Written by LEE Jin-su
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Pressure from China Makes North Korean Authorities Take Action in Earnest at Last
In February 2011, there was an unusual article in the North Korean state-run Korean Central News Agency(KCNA) that said, "Last year, the China's Ministry of Public Security investigated and dealt with 2,153 drug cases in the border area, leading to 2,883 arrests, and the confiscation of 3,828 kilogrammes (8,439 lbs) of drugs". It just so happened that at the time, Meng Jianzhu 孟建柱, the Minister of the Public Security of China, was visiting North Korea. It's believed the Chinese authorities, exasperated by the stimulants flowing in from North Korea, suspicions of the central government's involvement, and the sloppy crackdowns, came down strongly on the North Korean government to make the situation public.
As if to respond to this strong pressure from China, since then in North Korea there has been a storm of "special crackdowns". Several of our internal reporters and collaborators have come to us with the same information. Choi Gyong-ok says in this year alone, specialist teams like the Special Strike Team(특별타격대), 1118 Team(1118상무) , and the Storm Corps(폭풍군단) have been dispatched from Pyongyang to Hyesan. These teams are all here in the name of cracking down on smuggling, human trafficking, and flow of information domestically and across the border, but drugs are always on their list of important items for investigation.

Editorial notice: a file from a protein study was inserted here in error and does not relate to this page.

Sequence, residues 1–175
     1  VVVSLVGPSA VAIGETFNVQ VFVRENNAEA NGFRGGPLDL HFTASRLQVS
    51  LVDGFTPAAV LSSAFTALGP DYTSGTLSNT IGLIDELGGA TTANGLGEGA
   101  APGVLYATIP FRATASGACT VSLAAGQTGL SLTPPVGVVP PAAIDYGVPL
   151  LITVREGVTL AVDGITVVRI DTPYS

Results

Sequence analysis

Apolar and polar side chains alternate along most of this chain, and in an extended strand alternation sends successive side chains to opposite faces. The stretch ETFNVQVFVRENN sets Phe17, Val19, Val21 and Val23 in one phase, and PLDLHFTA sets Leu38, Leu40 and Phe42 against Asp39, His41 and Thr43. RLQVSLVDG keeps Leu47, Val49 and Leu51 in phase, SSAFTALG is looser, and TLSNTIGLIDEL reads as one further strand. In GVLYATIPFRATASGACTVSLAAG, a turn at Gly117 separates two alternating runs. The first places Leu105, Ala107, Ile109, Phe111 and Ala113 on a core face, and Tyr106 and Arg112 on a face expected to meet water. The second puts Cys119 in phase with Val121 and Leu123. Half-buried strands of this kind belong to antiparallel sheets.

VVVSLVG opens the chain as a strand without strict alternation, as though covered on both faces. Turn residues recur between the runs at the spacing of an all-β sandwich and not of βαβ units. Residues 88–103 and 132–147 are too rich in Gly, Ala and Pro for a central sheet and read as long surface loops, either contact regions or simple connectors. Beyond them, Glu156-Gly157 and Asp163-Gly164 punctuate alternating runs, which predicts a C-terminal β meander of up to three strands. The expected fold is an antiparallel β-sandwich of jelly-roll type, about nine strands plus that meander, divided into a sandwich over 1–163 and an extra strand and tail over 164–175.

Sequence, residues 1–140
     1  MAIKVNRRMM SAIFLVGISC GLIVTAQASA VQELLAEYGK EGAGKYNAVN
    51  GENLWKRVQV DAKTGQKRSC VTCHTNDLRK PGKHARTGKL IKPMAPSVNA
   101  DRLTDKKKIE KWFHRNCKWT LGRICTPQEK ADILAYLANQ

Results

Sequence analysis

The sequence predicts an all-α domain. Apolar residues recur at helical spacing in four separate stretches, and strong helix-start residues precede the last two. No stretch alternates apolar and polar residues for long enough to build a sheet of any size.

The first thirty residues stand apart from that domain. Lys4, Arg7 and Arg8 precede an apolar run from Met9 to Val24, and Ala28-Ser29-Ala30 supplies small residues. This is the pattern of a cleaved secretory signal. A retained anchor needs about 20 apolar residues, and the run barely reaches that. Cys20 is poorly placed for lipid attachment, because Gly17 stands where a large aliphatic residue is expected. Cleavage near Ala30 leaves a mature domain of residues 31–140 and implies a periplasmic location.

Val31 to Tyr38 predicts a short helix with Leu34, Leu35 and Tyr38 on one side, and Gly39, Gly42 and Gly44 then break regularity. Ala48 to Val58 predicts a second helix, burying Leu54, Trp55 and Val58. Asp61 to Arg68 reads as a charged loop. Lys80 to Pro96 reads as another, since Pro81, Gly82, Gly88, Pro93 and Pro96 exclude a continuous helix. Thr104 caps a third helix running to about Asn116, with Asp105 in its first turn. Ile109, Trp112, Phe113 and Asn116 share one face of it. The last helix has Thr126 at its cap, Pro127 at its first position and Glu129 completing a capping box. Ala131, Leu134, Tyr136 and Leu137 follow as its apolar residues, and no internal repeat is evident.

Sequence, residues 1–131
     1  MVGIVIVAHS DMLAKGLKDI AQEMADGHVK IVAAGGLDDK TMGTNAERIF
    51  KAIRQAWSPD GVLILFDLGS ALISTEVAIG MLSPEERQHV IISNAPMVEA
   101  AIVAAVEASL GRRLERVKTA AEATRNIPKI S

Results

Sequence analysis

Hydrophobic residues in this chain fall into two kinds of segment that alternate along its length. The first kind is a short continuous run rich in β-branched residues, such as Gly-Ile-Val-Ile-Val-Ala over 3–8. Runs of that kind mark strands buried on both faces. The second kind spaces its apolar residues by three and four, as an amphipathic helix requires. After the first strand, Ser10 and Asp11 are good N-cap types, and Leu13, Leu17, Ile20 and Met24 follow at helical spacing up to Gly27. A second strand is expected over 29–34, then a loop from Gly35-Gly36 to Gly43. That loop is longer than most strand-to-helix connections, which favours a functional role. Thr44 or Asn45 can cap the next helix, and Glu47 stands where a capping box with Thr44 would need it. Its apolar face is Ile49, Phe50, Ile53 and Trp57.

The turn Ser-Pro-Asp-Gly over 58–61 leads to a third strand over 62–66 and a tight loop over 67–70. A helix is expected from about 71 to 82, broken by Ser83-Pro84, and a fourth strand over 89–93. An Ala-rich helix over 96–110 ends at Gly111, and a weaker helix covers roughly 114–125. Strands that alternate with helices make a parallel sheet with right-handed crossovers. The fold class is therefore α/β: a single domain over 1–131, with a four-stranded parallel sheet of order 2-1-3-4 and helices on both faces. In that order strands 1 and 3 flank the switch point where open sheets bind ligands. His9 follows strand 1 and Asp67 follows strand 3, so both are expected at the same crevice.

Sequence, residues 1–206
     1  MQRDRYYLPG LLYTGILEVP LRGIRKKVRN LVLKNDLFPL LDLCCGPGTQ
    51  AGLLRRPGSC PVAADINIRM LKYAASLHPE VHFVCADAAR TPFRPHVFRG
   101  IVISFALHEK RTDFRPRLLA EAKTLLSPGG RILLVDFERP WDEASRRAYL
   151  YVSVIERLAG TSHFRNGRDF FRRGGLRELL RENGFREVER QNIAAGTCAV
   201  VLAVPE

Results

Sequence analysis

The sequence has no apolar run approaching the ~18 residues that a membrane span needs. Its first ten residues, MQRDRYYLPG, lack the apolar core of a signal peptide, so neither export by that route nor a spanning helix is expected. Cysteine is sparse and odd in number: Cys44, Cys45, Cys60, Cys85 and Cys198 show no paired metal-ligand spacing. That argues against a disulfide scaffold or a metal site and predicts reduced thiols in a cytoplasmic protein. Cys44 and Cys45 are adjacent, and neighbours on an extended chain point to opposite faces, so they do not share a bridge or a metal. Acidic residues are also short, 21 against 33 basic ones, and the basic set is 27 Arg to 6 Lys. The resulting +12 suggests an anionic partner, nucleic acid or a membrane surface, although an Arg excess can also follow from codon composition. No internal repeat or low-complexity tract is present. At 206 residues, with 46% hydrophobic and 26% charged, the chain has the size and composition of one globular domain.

But the real situation regarding their cleanup efforts seems to be uncertain and unreliable. These special censorship teams start out tough in their investigations backed up by the authority of Pyongyang. But in most cases they gradually give in to the temptation of bribes, and end up becoming a part of the smuggling ring.
Support by Surrounding Countries is Needed
This must be a headache for the North Korean government as well. The North Korean government must respond to demands from China, and they must be aware of the future problems that North Korean society will face if they allow stimulants to spread unchecked.
Because of this, it's believed North Korean authorities have at last begun to crack down on the trafficking of stimulants in earnest, but the situation seems far from optimistic.
This is because the organizations with authority that should be on the side of the ones cracking down are themselves corrupt, and deeply involved in eoleum trafficking.Drugs and stimulants have now become deeply rooted in the daily lives of the people. Even if North Korea should head towards reform and an open door policy, this problem may become a major obstacle in reconstructing society. What's more, North Korea may continue to be the epicenter of drugs spreading to surrounding countries. The writer believes that China, South Korea and other neighbouring countries must deem the North Korean government as a partner in the eradication of drugs and stimulants from the region, consider support measures, and aggressively put them into practice.
### Rimjin-gang ------
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LEE Jin-su :
Lee was born in Japan. He is a third generation Korean residing in Japan. He works as a North Korea team reporter for ASIAPRESS. He lived in South Korea for ten years working for a human rights NGO. Lee has been to the China-North Korean border fifteen times since 2004. He has interviewed over a hundred North Koreans, mainly women who were victims of human trafficking. His theme is the human rights situation surrounding North Korea's economic revitalization process.
* Editor's notes on North Korean reporters
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